Google settles its $5 billion privacy lawsuit over Incognito Mode tracking
A class-action lawsuit against Google Chrome's Incognito mode tracking was filed in June 2020. The plaintiffs claimed that Google was using cookies, analytics and tools on Google and non-Google websites to track user behavior on the Internet, even with the private browsing mode active.
The lawsuit covered two scenarios. The first covered Chrome users with Google accounts who accessed non-Google websites while in Incognito Mode that contained Google tracking or advertising code.
The second covered Microsoft Edge, Internet Explorer and Apple Safari users who used their browser's private browsing mode with a Google account to access non-Google websites that contained tracking or advertising by Google.
Google operates analytics or advertising on the majority of Internet sites. DuckDuckGo estimates that Google's reach is at over 93%. In other words, out of 100 sites you visit, on 93 you will encounter Google tracking. While percentages vary, a 2020 analysis saw Google trackers on 86% of the top 50k websites of the planet, it is a dominating lead over any other tracking firm on the planet.
Incognito Mode, also called private browsing mode in other browsers, is a special browsing mode. It prevents the recording of some data when it is active. The browsers do not store visited sites in the browsing history, cookies or cached data or data entered into forms.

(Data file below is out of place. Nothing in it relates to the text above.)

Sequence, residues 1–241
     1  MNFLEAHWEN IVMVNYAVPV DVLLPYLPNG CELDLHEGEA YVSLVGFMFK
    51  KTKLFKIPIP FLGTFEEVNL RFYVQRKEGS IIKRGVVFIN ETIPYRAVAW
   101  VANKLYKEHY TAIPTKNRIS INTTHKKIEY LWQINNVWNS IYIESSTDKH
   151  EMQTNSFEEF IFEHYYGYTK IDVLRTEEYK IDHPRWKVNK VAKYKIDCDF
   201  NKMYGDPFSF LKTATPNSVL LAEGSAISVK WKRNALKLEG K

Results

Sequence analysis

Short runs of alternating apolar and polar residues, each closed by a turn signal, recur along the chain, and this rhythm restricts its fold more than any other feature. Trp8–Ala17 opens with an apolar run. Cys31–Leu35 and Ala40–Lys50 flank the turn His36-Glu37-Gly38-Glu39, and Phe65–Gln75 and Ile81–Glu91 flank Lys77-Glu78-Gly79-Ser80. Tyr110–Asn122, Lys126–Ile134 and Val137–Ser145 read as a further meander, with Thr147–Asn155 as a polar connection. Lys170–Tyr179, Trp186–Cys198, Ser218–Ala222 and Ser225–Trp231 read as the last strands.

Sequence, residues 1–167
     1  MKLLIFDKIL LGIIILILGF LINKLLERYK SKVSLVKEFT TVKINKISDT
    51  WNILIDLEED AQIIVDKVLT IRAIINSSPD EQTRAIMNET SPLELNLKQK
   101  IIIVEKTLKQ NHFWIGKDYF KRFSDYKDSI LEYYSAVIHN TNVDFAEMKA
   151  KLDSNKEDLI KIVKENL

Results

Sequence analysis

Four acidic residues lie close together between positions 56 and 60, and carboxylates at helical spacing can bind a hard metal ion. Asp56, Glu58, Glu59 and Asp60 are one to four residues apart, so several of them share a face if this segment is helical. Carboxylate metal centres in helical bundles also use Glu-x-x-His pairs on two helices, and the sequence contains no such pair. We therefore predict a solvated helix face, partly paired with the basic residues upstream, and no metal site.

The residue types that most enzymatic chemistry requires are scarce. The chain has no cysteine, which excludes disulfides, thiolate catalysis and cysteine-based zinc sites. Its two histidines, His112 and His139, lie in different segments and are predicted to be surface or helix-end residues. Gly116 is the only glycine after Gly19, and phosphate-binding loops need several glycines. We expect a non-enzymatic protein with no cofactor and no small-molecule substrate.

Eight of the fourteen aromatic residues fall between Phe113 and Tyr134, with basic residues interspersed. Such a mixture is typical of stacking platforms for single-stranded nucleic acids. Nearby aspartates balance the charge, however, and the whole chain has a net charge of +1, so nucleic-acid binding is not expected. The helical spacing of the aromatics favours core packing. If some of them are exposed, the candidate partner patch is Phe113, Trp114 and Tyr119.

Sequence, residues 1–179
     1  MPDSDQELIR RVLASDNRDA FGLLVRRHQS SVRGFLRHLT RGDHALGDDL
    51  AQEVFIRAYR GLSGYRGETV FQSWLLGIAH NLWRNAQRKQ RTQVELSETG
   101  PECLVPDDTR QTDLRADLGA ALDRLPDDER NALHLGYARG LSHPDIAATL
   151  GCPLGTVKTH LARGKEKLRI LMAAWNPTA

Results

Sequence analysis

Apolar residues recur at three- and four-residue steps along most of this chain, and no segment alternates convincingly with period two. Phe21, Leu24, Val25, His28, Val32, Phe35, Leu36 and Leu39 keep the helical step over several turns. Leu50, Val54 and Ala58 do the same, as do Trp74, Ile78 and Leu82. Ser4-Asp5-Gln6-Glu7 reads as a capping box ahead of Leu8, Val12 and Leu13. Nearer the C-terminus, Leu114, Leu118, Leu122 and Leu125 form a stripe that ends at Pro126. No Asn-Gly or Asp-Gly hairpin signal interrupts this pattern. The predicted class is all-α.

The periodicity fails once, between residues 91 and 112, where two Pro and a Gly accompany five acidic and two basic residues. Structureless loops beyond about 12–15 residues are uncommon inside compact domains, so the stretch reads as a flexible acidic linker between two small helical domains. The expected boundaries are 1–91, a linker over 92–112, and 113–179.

Chrome users may start Incognito Mode by selecting Menu > New Incognito Window, or by using the shortcut Ctrl-Shift-N (on Mac Command-Shift-N).
Google does note that the web activity may still be viewed by the visited websites, the network or Internet provider.
Incognito Mode therefore protects a user's local privacy only. It does nothing against Internet tracking or spying, unless additional safety measures, such as content blockers, are also used.
The lawyers for Google and the plaintiffs have reached a preliminary settlement. This put the scheduled trial on February 5th, 2024 on hold.
The consumer lawyers have sought at least $5 billion from Google and at least $5000 in damages per user. The settlement terms were not disclosed.
Google has not changed the Incognito Mode startpage of the Chrome browser since at least 2018. It states there in clear terms that activity may still be monitored, even while in the mode. What it fails to reveal is that it is one of the main trackers on the Internet.
Incognito Mode or private browsing modes serve just a single purpose for the user: to hide certain visited sites from the browsing history and other caches of the browser.
It is useless for online privacy, unless a content blocker is also used, but that is also true for the regular browsing mode then.
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